To award plaintiffs the cost of new items as replacement cost is to award plaintiffs a windfall and make them more than whole. (See Kalal v. Goldblatt Brothers, Inc. (1977), 53 Ill. App. 3d 109, 112.) Damages for breach of contract should only place the aggrieved party in the position he would have been in had the contract been performed. (Kalal, 53 Ill. App. 3d at 112.) The trial court's award puts plaintiffs in a much better position than if the contract had been performed and the appliances had been in working order. If the appliances had been in operating condition, plaintiffs still would have had a kitchen full of old appliances. Consequently, we reduce that portion of the judgment for $3,029.97 by the cost for the new appliances, $2,033.07, which leaves an amount of $996.90. Defendant has made no contention for setting aside this remaining portion of the judgment, and we therefore leave this amount intact., Defendant next contends the miscellaneous repairs portion of the judgment in the amount of $839 is not supported by the evidence. We agree.
As the parties seeking recovery, it was plaintiffs' burden to establish a reasonable basis for computation of the damages. Briarcliffe West Townhouse Owners Association, 134 Ill. App. 3d at 411.
The trial court in announcing its decision stated:
"We have this bill here of $4200.00 which includes other bills that were submitted at the same time that the testimony was presented. There are duplicates and replications. And it includes items that are outside the scope of the issues drawn by the compliant.
For that reason I am awarding $839.00 for the repairs only on that bill."
We agree with the trial court's assessment that the bill contained items outside the scope of the complaint. However, we find no evidence on which the court could have based its allocation. The bill stated the work to be done as follows:
"Repair Garage door, Replace 2 enterior [ sic ] doors. Replace shower door, install new towel bar in bathroom. Replace Bad Switch covers and outlet cover, Put door stops on all needed doors. Install new colored toleit [ sic ]. Replace glass in front door. Repair Screen in back stormdoor. Remove wallpaper 2 Baths & Kitchen one B.R. Paint, patch ceilings walls & Closets. Replace molding that's damaged in D.R. Garage & yellow bath or anywhere else necessary. Rehang doors & Repair any door frames. Replace & grout tiles in Bathroom & Shower. Sand & Stain window frames where needed. Paint vanity in blue bath, Patch & Paint Garage Walls & Ceiling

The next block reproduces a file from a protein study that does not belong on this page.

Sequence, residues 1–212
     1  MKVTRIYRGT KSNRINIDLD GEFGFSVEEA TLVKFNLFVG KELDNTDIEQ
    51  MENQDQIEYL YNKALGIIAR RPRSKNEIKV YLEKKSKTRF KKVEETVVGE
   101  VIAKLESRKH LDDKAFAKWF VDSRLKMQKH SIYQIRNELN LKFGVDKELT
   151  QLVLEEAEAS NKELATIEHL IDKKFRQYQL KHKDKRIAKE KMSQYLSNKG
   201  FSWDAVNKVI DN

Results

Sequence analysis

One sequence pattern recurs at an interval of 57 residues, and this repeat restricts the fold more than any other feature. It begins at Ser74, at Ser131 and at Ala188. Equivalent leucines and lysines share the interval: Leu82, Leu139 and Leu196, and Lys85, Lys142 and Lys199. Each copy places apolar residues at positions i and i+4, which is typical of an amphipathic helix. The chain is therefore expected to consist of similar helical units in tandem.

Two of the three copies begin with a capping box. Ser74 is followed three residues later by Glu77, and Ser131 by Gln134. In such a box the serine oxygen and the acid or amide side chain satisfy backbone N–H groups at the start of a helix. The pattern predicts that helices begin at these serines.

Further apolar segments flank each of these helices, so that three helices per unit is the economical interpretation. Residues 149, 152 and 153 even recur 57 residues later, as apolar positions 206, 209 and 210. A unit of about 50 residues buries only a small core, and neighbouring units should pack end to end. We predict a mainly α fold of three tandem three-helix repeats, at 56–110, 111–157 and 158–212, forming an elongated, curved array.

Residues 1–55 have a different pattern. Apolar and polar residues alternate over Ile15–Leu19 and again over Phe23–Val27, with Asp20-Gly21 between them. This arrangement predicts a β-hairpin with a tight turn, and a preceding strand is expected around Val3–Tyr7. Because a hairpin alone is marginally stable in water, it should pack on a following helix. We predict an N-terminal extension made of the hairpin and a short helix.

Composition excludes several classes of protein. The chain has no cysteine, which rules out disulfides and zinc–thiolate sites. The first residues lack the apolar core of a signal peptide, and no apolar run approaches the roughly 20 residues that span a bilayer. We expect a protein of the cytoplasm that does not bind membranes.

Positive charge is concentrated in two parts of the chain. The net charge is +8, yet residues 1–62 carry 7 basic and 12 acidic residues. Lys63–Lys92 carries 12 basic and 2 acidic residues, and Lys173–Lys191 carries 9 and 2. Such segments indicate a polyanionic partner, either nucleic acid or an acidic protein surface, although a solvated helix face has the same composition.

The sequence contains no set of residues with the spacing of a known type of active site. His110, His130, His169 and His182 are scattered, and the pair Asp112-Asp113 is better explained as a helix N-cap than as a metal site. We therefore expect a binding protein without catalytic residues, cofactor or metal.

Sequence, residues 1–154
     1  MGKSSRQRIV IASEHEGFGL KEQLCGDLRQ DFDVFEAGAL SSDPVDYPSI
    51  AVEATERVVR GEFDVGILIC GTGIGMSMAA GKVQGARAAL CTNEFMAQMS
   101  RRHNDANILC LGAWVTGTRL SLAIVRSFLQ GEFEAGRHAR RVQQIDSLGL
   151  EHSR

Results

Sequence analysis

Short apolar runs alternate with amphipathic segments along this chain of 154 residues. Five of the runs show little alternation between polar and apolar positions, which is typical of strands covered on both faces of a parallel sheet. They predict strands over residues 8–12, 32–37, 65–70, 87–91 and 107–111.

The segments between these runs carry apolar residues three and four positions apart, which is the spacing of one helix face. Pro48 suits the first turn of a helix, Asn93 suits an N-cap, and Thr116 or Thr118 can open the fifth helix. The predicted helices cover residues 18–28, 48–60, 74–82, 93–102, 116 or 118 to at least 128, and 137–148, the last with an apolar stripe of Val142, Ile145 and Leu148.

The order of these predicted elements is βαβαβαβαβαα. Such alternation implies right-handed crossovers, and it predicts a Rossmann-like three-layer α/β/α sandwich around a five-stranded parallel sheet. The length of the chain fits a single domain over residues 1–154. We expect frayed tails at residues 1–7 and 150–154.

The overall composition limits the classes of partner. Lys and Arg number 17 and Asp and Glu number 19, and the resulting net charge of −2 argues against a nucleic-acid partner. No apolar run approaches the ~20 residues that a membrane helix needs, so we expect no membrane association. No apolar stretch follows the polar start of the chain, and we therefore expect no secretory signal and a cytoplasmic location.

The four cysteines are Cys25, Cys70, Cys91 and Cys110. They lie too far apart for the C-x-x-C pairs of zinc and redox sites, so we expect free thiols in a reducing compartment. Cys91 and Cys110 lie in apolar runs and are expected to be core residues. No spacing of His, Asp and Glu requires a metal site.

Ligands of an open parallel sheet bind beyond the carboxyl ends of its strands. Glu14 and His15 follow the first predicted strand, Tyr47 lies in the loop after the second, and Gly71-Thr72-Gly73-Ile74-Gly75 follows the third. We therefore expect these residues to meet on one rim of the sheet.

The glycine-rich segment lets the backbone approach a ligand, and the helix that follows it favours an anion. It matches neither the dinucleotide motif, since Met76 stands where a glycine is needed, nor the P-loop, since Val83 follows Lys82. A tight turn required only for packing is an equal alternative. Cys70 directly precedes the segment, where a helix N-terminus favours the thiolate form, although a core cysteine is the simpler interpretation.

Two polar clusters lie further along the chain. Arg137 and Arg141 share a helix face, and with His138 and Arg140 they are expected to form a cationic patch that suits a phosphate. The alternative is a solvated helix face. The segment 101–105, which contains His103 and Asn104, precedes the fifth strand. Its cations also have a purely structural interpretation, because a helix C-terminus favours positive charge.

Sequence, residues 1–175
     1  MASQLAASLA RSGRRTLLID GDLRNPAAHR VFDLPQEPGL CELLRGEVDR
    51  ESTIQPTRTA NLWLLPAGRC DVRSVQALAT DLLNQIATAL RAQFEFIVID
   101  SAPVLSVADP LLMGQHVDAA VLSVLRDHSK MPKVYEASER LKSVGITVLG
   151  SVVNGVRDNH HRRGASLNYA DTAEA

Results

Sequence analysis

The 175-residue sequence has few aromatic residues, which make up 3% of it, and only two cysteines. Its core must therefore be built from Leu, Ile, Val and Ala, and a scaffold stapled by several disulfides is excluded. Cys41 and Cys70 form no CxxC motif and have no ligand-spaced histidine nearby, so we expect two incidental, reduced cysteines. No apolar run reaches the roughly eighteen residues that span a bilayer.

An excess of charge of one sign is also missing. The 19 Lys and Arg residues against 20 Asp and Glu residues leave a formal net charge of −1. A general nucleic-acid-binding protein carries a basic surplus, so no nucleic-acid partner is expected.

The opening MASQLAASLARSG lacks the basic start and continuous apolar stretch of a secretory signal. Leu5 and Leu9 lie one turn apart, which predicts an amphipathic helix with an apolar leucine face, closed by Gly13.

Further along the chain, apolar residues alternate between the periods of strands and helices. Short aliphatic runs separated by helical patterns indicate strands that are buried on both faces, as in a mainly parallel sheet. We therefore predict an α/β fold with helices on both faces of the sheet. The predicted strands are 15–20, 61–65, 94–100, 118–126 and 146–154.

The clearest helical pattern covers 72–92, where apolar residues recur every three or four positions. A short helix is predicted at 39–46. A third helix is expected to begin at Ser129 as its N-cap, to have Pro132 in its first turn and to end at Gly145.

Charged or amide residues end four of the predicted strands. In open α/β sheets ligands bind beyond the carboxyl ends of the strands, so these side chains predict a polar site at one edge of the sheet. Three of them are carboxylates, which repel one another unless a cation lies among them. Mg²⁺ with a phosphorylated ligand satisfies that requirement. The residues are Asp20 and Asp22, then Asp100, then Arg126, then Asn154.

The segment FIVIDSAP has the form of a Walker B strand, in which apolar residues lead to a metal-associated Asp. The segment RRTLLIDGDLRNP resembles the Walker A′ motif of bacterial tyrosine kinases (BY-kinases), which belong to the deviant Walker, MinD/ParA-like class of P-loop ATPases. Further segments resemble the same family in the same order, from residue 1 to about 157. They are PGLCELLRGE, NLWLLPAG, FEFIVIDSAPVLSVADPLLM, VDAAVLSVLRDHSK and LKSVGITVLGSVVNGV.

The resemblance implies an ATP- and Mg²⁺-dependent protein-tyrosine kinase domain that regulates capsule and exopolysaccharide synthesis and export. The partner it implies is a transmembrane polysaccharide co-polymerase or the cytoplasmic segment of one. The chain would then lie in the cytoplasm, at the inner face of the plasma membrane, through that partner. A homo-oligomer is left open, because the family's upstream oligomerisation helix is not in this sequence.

Refinish Kitchen Cabinet, New Knobs & Hinges. Install new countertop (including material) Install new Kitchen Sink. Material Included. Make new cabinet doors where oven was."
We find that ceilings, walls, and wallpaper cannot in any sense be considered equipment as the term is used in the warranty. Therefore, we find that items included in the bill such as removal of wallpaper and the patching and painting of ceilings and walls could not be considered repairs for breach of warranty. Since the bill does not itemize what cost was incurred for what work, there is no way to tell what amount was incurred for work that was done because there had been a breach of warranty. Thus, the trial court had no basis before it for awarding the damages for repairs in the amount of $839.
For the foregoing reasons, the judgment of the trial court is affirmed in part and reversed in part. The portion of the judgment for the cost of items repaired in the amount of $996.90 is affirmed. The portion of the judgment for new appliances in the amount of $2,033.07 is reversed, as is the award for repairs in the amount of $839.
Affirmed in part and reversed.
Affirmed in part and reversed in part.